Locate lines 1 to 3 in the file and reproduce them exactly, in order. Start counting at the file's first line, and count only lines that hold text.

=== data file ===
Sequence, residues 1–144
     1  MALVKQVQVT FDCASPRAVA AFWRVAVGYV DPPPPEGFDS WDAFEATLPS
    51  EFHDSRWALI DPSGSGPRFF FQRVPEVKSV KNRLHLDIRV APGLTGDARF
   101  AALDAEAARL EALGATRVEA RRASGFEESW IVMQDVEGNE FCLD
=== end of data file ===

Sequence, residues 1–144
     1  MALVKQVQVT FDCASPRAVA AFWRVAVGYV DPPPPEGFDS WDAFEATLPS
    51  EFHDSRWALI DPSGSGPRFF FQRVPEVKSV KNRLHLDIRV APGLTGDARF